July 23, 2014, by H Cotterill
The German perspective on the First World War
The final lunchtime talk held in connection with our current exhibition ‘All Quiet in the Weston Gallery’ takes place tomorrow.
With the nation gearing up to commemorate the 100 year anniversary of the First World War, through exhibitions, tv and radio programmes, books and articles, debate is, unsurprisingly, focused on British involvement in the war. British attitudes, both contemporary and 100 years on from the conflict, are under the spotlight. But what about the other side of the story? How did ordinary Germans view their nation’s involvement in the war? And how did these attitudes change depending on a person’s class, political stance, or war-time experience? In his talk ‘The First World War: a test of manhood or the collapse of humanity?’ Professor Roger Woods attempts to answer these questions. He will explore how German accounts, written in the immediate post-war period, offer unique and often surprising insights into a nation’s attitude to the First World War.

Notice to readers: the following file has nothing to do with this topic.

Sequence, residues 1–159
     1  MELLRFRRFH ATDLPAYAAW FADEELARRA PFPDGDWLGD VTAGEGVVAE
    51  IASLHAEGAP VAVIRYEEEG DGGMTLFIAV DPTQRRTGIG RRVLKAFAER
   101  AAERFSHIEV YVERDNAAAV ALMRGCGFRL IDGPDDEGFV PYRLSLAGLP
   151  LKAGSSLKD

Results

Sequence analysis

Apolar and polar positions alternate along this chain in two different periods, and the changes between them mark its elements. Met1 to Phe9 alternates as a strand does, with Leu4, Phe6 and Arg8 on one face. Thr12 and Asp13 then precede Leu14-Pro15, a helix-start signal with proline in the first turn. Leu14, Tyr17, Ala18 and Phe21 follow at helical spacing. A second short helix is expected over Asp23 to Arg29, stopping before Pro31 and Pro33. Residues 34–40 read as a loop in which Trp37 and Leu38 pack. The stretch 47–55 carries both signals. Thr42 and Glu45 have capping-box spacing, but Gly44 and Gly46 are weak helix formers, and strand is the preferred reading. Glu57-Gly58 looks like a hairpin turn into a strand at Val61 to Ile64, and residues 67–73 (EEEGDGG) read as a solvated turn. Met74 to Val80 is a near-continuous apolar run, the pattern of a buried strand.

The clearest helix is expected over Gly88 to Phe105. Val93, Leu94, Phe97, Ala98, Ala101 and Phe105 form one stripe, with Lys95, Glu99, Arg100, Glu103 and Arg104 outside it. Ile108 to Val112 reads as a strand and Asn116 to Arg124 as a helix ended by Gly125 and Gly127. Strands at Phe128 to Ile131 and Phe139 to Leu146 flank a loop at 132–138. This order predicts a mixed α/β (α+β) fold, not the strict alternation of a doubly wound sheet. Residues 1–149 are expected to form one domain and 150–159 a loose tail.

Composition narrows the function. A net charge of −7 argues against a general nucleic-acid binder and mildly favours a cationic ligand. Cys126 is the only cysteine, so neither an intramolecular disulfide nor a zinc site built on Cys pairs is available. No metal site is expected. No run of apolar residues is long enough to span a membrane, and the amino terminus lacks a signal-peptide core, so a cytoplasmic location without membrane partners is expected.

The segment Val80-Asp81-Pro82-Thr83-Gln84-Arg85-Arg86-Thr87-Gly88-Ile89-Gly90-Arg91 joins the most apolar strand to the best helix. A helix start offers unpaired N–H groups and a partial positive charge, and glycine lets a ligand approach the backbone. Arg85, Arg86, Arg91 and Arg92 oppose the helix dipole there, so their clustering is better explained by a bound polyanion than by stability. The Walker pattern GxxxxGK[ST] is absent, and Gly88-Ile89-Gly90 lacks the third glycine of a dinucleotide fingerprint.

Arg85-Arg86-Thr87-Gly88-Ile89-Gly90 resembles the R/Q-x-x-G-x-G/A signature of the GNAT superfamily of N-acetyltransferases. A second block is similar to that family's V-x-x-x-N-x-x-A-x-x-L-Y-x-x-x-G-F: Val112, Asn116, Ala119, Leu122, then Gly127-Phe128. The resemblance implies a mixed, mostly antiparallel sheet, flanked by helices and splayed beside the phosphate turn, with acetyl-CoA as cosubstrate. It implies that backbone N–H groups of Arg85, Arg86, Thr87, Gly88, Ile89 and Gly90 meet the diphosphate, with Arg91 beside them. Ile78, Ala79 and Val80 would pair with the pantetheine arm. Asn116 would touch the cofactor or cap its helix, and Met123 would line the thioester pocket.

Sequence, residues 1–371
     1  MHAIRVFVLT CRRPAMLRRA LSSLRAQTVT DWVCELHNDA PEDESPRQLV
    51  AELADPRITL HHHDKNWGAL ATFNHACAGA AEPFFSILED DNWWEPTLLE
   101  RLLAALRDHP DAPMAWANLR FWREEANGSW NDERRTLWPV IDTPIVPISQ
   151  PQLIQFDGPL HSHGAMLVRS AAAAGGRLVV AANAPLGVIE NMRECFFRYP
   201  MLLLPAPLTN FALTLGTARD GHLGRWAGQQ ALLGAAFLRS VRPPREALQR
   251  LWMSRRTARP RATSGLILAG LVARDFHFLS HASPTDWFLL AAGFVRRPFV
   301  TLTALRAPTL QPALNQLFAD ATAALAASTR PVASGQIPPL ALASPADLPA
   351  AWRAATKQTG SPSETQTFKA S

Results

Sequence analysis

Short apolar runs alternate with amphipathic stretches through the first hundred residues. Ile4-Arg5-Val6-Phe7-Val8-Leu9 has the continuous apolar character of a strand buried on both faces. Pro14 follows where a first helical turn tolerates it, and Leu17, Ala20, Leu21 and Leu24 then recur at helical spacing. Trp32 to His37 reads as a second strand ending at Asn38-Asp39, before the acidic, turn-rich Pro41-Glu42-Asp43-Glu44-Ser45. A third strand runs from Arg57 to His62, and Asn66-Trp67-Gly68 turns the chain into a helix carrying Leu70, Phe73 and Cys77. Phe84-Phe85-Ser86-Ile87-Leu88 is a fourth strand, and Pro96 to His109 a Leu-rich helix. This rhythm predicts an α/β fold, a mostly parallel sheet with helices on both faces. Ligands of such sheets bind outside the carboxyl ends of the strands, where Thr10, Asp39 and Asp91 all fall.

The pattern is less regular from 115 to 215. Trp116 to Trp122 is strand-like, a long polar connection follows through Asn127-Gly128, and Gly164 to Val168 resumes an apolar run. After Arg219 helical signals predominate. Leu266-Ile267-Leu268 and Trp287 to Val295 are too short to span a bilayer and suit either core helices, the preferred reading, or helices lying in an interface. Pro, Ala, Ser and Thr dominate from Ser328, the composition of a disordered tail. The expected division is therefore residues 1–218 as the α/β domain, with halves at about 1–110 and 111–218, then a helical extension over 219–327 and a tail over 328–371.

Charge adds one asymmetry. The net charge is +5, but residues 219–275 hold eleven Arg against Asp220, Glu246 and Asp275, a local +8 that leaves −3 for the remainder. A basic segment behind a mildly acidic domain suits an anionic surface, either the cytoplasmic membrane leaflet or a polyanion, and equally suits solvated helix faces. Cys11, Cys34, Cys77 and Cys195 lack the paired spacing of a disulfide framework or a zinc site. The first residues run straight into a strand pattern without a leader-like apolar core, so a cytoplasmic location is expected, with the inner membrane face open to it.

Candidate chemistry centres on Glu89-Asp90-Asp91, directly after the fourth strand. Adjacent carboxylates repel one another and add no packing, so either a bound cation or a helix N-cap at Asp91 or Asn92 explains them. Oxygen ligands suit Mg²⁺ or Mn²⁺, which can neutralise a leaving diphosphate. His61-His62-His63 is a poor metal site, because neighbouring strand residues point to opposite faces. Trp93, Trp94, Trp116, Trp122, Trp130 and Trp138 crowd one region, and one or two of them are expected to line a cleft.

The talk complements material currently on display in the ‘All Quiet in the Weston Gallery’ exhibition which explores both the local and the international impact of the war. Items on display include diaries written by an Austrian soldier interned in a Russian prisoner of war camp and notices put up by the German authorities during their occupation of the French town of Lille.
The lunchtime talk takes place in the Djanogly Theatre, Lakeside Arts Centre on Thursday 24th July at 1pm. The talk is free. To reserve your place please telephone the Box Office on 0115 846 7777.
The exhibition runs in the Weston Gallery, Lakeside Arts Centre until Sunday 17th August. Further information about the exhibition can be found on our website at http://www.nottingham.ac.uk/manuscriptsandspecialcollections/exhibitions/westongalleryexhibition.aspx